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Iron Rhine back on track
Flanders and the German state of North Rhine-Westphalia are breathing new life into the Iron Rhine project. Flemish Minister of Mobility Ben Weyts convinced his colleague from North Rhine-Westphalia, Hendrik Wüst, of the best route. Together they are advocating a three-country discussion, in which not only the Belgian federal government but also the Netherlands, Germany and the European Commission are involved. “A political consensus between all the authorities involved is vital,” Minister Weyts emphasises.
For the Flemish ports, the opening up of the Ruhr Valley in Germany is a matter of life or death. Specifically, according to predictions, freight traffic will increase by no less than 50% by 2030. Our saturated Flemish road network simply won’t be able to handle that increase. Minister Weyts is therefore focussing on alternatives, such as inland navigation and the railway. “I want to get HGVs off motorways like the E19 and the E313 and put their freight on the railway,” Ben Weyts explains.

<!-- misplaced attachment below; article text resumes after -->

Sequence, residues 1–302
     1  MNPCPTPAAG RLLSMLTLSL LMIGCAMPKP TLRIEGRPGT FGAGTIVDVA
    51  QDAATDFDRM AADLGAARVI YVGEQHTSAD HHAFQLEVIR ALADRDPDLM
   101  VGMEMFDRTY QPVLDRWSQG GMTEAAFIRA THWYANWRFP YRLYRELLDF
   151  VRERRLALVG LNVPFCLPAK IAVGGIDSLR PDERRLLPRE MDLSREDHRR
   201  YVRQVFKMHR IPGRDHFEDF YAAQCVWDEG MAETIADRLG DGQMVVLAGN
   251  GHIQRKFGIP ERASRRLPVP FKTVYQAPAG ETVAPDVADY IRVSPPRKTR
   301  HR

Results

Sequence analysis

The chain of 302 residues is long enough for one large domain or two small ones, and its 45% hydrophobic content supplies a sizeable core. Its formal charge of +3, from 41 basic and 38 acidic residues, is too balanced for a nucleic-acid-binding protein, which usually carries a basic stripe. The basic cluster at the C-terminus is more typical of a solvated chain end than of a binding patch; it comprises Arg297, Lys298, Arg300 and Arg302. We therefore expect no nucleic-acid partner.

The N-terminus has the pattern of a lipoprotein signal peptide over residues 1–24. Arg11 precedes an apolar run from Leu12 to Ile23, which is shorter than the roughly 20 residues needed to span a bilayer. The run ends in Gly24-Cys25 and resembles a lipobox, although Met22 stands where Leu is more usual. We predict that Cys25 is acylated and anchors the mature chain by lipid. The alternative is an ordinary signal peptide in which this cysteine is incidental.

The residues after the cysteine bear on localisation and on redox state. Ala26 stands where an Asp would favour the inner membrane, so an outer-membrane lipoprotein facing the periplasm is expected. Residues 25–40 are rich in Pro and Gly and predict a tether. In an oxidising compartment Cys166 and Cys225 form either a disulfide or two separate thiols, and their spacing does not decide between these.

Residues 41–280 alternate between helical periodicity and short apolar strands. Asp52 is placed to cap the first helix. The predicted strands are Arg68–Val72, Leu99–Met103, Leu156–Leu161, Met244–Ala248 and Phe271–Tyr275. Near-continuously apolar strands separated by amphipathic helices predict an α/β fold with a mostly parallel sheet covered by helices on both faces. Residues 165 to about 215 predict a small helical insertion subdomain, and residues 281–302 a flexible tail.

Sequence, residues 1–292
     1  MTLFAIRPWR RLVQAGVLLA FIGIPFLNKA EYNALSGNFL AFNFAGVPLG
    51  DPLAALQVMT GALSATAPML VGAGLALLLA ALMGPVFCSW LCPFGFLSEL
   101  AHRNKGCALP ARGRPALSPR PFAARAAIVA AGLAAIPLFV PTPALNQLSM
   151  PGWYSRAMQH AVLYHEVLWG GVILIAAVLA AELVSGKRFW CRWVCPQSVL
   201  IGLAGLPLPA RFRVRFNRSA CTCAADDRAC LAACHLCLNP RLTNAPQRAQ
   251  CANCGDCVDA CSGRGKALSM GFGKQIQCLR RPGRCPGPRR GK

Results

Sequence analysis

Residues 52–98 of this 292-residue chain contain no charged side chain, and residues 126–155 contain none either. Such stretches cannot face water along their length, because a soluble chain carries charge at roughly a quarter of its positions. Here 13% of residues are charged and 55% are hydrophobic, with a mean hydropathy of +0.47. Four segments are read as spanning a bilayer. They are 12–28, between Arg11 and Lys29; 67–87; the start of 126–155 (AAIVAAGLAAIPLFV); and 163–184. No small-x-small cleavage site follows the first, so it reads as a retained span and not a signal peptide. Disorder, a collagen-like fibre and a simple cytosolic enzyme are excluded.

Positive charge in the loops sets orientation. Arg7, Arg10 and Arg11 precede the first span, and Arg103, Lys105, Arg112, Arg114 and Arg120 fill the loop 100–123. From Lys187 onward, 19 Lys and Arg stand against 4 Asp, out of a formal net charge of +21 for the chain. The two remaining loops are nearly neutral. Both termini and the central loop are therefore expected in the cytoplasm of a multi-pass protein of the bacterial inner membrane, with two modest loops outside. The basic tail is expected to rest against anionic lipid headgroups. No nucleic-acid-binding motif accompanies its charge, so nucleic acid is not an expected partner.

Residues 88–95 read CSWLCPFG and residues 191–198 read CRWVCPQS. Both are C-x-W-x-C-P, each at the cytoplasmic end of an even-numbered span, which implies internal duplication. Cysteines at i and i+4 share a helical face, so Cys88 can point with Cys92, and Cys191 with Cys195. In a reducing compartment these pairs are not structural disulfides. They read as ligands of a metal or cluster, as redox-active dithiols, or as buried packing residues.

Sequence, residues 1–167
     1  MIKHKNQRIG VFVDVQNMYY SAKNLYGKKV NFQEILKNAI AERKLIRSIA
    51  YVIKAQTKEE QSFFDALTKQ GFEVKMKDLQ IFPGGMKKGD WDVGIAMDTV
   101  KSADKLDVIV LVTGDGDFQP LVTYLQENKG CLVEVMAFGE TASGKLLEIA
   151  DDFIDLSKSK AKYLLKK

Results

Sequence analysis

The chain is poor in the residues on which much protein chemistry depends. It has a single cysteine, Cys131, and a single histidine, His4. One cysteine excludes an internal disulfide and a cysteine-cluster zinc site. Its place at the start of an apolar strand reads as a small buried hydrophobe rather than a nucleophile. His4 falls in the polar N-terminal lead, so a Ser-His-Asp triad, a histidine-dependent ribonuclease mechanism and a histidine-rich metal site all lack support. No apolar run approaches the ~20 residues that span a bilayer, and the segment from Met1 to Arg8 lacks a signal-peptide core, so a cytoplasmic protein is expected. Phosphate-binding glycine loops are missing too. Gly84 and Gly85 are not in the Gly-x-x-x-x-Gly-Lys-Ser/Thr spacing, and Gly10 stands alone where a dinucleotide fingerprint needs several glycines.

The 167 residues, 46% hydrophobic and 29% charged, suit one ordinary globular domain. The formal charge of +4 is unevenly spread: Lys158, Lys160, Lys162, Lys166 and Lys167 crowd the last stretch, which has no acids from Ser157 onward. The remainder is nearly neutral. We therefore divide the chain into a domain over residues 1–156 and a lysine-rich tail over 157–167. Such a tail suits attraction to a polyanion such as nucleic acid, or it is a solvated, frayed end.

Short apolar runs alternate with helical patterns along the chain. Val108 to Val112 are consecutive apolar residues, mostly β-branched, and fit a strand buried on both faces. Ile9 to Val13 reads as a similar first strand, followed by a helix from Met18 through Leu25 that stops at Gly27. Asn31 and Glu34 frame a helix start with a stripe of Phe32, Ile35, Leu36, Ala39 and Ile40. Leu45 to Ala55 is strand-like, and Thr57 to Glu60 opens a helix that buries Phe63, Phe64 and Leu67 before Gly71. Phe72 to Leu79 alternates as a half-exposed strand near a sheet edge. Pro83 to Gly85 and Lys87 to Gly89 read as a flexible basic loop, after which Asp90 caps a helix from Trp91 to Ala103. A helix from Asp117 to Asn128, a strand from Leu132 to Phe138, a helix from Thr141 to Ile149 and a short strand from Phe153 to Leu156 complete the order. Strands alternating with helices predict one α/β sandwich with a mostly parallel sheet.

Half the cost
The Iron Rhine is one such alternative, and Minister Weyts organised a study looking into the best route. The route, which has been given the name of 3RX, goes from Antwerp via Mol and Hamont to Roermond and Venlo, and then further on to Viersen in Germany. Minister Weyts’s German colleague, Hendrik Wüst, is at any rate in agreement with the 3RX route. “The international research confirms that the 3RX route is comparable with the historic route of the Iron Rhine, but at half the cost,” Minister Ben Weyts concludes.